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Technical Papers FAQs
FAQ Table of Contents
Question: What is new at SC13 for technical papers?
- We have modified topical areas and keywords from SC12. Authors may submit high-quality, original research contributions along the following topical areas: 1. Algorithms; 2. Applications; 3. Architectures and Networks; 4. Clouds and Grids; 5. Performance Analysis and Tools; 6. Programming Systems; 7. Storage, Visualization, and Analytics; 8. System Software; 9. State of the Practice.
- The “Performance Analysis and Tools” area is intended to capture all aspects of performance, including speed, greenness (e.g., energy or power), and resilience, for example.
- The "State of the Practice," originally introduced as a separate event in the SC11 Technical Program, was integrated into technical papers as a topical area for SC12 and continues for SC13. Authors may submit high-quality contributions with new and generalizable insights that can advance the practice of high-performance computing, including facilities, services and systems. See Section 2 below for more information.
- We have retained a rebuttal process to enhance the rigor of peer-review to determine acceptance of submissions. Authors may address factual errors in the reviews and answer specific questions posed by reviewers during the review rebuttal period. See Section 3 below for more information.
Q. What are the main review criteria for acceptance?
A. We will focus on originality, technical soundness, presentation quality, timeliness, impact, and relevance to SC. These criteria will be applied uniformly across the nine topical areas to drive the acceptance of contributions that measurably improve upon the state of the art along dimensions that are relevant for SC. Consequently, for the State of the Practice, they will be tailored to value the new and generalizable insights as gained from the practice of high-performance computing (see Section 2 below for further information).
Q. Is it mandatory for authors to select the primary area of their contribution?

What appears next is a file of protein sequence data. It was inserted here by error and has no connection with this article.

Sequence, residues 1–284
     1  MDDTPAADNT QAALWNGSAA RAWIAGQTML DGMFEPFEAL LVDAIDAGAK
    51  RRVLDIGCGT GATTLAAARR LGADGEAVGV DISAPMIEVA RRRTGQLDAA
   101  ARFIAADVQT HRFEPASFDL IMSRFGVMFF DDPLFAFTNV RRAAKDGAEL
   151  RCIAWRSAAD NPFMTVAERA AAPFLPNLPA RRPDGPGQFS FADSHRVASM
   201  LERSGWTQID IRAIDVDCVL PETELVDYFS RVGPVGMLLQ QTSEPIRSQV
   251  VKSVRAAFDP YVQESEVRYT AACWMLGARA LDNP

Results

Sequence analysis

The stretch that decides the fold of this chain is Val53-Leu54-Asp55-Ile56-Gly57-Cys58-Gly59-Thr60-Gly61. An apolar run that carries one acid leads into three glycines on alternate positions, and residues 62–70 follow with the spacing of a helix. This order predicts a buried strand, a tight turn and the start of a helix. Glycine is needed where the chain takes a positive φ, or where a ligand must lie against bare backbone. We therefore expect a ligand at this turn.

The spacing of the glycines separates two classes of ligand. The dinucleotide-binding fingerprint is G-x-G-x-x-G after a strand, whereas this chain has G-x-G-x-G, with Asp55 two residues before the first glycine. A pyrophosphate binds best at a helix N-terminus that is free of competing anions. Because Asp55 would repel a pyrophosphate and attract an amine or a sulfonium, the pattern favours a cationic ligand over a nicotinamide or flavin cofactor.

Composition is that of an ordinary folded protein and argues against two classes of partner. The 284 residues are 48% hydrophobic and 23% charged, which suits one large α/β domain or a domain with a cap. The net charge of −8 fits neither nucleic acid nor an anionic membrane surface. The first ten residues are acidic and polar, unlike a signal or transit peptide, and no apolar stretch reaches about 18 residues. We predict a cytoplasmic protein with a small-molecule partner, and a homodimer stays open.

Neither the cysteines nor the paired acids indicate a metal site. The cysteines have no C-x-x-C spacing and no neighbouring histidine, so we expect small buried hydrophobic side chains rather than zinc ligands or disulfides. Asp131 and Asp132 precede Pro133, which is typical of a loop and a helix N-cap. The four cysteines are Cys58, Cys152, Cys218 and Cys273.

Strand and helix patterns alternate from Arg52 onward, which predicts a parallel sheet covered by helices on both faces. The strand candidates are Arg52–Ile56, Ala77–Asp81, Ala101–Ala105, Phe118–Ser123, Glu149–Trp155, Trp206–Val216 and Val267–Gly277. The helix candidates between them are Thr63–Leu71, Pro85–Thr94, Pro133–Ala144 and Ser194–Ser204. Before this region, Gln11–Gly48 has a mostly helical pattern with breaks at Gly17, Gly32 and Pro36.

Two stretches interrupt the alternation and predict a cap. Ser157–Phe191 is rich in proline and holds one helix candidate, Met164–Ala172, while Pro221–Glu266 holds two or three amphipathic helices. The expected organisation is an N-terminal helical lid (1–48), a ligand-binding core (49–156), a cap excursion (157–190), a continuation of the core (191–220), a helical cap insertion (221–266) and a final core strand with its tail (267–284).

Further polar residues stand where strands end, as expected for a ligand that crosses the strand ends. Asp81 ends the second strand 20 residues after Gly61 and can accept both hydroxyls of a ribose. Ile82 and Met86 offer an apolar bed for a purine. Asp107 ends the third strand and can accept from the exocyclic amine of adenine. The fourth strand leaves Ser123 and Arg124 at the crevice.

A. Yes. Authors must indicate the primary area of contribution from the nine topical areas above. We understand that contributions may straddle more than one area and in such cases, we encourage authors to indicate a secondary area of contribution.
Q: What do you expect the acceptance rate to be?
A. With our focus on quality and the observed trend towards substantial increases in submissions from year to year, we expect about a 20 percent acceptance rate for SC13.
Q: Will there be best paper awards?
A. Yes. Awards will be given for Best Paper and Best Student Paper. Extended versions of papers selected as finalists for the Best Paper and Best Student Paper Awards may be published in a selected journal.
Q: Will my SOP paper count as a regular SC paper so that I can claim the same impact factor, etc.?
A: Yes, this is the point of making the SOP a part of the Technical Papers program. A SOP paper is just as good as any other paper in the Technical Papers program, and the entire Technical Papers Committee collectively endorses its academic quality.
Q: What constitutes a SOP paper?
A: A SOP paper can describe a first-of-its-kind technology or methodology or can capture a unique perspective (or experience) on issues, challenge, and solutions for dealing with aspects of unprecedented scale and complexity, particularly the experiences and knowledge that can be generalized to wide ranges of systems and usages. As stated in the Call for Papers, concrete case studies within a conceptual framework would likely serve as the basis for submitted papers, but efforts to generalize the experience for wider applicability will be highly valued.
Q: Who will review the SOP papers?
A: As with any other tech paper, they will be reviewed by a set of Technical Papers Committee members who are experts in the field and will comprise the "SOP area." In fact, SOP is one of the 9 areas for tech papers we have this year. The area review committee consists of a balance of people with research, development, and operational experience for large-scale high-performance computing, networking, storage, and analytics.